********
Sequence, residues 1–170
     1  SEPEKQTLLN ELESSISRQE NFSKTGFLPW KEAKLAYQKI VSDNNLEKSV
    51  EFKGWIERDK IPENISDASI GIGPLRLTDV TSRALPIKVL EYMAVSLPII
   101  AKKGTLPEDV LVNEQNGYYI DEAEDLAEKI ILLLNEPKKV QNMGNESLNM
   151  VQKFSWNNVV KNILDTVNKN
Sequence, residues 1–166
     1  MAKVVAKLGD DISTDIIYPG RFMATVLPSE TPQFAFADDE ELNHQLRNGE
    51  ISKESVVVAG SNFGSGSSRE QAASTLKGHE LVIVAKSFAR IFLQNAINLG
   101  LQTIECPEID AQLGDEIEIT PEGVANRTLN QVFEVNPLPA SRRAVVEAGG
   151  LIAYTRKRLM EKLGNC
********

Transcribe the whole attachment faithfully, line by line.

Sequence, residues 1–170
     1  SEPEKQTLLN ELESSISRQE NFSKTGFLPW KEAKLAYQKI VSDNNLEKSV
    51  EFKGWIERDK IPENISDASI GIGPLRLTDV TSRALPIKVL EYMAVSLPII
   101  AKKGTLPEDV LVNEQNGYYI DEAEDLAEKI ILLLNEPKKV QNMGNESLNM
   151  VQKFSWNNVV KNILDTVNKN
Sequence, residues 1–166
     1  MAKVVAKLGD DISTDIIYPG RFMATVLPSE TPQFAFADDE ELNHQLRNGE
    51  ISKESVVVAG SNFGSGSSRE QAASTLKGHE LVIVAKSFAR IFLQNAINLG
   101  LQTIECPEID AQLGDEIEIT PEGVANRTLN QVFEVNPLPA SRRAVVEAGG
   151  LIAYTRKRLM EKLGNC